The Path of Most Resistance: How Far Can Boston Go?

Following Monday night’s loss to the Philadelphia 76ers, there’s a palpable level of anxiety permeating through Boston — and the wider Celtics fan base. Brad Stevens’ well-drilled team currently leads the series 3-1, but the prospect of the Sixers making history – and securing a berth in the Eastern Conference finals – isn’t being universally dismissed. This is made all the more peculiar by the fact that a team down 3-0 has never won an NBA playoff series.

A Battle of Attrition

One does not, however, have to look very far to appreciate why Boston might feel vulnerable. At multiple junctures this year, the Celtics’ season has been effectively written-off – and often with good reason. The devastating loss of Gordon Heyward in the first quarter of the first game was widely considered to be fatal to Boston’s title hopes. Then, the injury, late in the regular season, to Kyrie Irving was thought to be enough to prevent the Celtics from even reaching the Eastern Conference Finals. In amongst the season-ending injuries to their All-Stars, Stevens and the Celtics have, in recent weeks, also been forced to work around the health of Marcus Smart and Jaylen Brown. Boston’s ‘next-man-up’ approach has been tested to its limits.

Game Four against Philadelphia at the Wells Fargo Center was a battle of attrition. The Sixers were no more efficient from the field, but took 19 more shots than Boston. Combine that with the Celtics’ 15 turnovers, and the Sixers landed on a winning formula. But while records are meant to be broken, the Celtics shouldn’t be losing sleep over the prospect of the Sixers becoming the first team (of 129) to overturn a three-zip series deficit. The Celtics simply didn’t respond to TJ McConnell’s inclusion in Game Four which allowed Ben Simmons to spend much of the evening inside the paint. No less significant was the fact that Boston endured a miserable shooting night and were dominated on the offensive boards. All in all, it was one of those nights where nothing quite clicked for a Celtics team that had, until Monday night, managed to absorb everything Joel Embiid, Simmons and co. had thrown their way.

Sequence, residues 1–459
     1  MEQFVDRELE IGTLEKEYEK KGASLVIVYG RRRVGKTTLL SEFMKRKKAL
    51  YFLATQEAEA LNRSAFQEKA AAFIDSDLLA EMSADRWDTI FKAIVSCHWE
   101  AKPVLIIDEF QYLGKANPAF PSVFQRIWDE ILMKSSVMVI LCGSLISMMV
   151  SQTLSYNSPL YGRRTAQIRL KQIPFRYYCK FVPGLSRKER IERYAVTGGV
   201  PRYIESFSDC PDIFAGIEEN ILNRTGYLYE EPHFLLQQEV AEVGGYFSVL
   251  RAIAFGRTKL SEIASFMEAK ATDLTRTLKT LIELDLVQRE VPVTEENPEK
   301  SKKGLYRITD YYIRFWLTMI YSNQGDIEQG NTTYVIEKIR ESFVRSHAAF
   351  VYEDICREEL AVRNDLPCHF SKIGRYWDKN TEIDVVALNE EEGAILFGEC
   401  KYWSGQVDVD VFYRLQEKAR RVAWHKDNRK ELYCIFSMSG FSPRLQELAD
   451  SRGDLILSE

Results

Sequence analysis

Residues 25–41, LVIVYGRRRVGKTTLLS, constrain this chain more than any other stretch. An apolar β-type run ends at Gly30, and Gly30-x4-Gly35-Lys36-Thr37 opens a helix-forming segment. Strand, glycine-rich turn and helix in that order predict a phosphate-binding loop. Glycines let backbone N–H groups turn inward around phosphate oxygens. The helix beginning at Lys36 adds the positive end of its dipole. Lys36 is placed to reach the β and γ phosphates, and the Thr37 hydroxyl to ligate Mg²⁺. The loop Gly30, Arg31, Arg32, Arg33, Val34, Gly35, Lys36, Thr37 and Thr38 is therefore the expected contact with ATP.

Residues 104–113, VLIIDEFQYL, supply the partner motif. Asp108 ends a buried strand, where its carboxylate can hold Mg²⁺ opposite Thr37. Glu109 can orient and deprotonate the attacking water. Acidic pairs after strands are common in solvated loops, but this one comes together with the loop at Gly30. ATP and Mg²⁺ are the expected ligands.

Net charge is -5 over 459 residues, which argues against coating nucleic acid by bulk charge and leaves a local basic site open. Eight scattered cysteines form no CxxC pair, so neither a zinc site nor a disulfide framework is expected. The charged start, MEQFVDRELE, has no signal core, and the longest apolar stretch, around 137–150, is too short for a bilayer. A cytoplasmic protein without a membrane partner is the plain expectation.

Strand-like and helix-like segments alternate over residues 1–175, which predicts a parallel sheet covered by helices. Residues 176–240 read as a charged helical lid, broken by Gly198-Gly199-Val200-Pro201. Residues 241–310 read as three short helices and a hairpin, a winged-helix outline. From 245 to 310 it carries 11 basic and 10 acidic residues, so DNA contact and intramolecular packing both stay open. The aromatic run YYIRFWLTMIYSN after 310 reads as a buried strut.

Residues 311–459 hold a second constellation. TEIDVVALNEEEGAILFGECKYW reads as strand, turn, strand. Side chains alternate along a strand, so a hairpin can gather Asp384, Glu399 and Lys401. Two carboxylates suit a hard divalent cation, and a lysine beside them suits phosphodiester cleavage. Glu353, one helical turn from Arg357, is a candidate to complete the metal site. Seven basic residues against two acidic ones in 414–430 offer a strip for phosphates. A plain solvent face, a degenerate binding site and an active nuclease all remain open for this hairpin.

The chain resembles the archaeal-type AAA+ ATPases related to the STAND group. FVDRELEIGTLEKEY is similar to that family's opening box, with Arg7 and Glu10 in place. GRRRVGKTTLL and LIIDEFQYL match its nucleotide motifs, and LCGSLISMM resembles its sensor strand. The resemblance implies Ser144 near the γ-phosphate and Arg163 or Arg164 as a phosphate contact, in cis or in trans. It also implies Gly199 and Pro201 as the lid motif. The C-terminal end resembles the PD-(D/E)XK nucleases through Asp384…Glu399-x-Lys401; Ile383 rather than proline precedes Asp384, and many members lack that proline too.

But now Stevens has seen what the Sixers look like with McConnell playing at point, the adjustments will be forthcoming. Keep in mind, too, that the Celtics will be returning to Boston for Game 5. It’s little wonder that odds makers have retained the Celtics as heavy favourites to win the series. Intriguingly, though, it’s worth nothing that much of that is predicated on Boston’s ability to close the series out in 5 games. Implied probability suggests that Philadelphia is just a likely to win the series in 7 as Boston is to win it in 6.

NBA’s Best Coach vs. Best Player

But notwithstanding the challenge that awaits the Celtics at the TD Garden tonight, Boston now looks to have a monumental challenge ahead in the form of LeBron James’ newly-galvanised Cleveland Cavaliers. After a too-close-for-comfort 7 game win against the Indiana Pacers, the Cavs have run roughshod of the East’s number one seed Toronto Raptors. Finally, LeBron’s supporting cast is giving the King the assistance he needs, and the Cavs look every bit the formidable force we have seen in the past two post-seasons. With the Cavs currently listed as -200 to win the East, most betting sites regard Boston as a long shot to make the Finals. This is nothing new, of course. Boston have been a long shot since opening night.

Any efforts, however, to project a Cavs—Celtics series based on the Raptors’ failings would be folly. Boston is a much better-coached team, and one would expect Stevens to provide answers to the questions that stumped Dwayne Casey. We expect Stevens and Celtics to focus on containing the Cavs’ supporting cast while letting LeBron be LeBron. In the same way that the Celtics have slowed down Embiid and Simmons in this series, Stevens will focus on stopping the likes of Kevin Love, JR Smith, and Kyle Korver. The question will then become whether LeBron has the energy to carry the Cavs through yet another seven game series.

Playing With House Money?

The Celtics aren’t quite playing with house money just yet – that would come only if they made the Finals. But Stevens’ young and injury-riddled team is in a position that few thought would be possible when Kyrie Irving was ruled out for the remainder of the season back in early April. So far, the Celtics have defied expectations at every turn, and they can do so again in the Eastern Conference Finals which will pit the NBA’s leading coach against its leading player. Boston shouldn’t be ruled out of reaching the Finals just yet – not by a long way.

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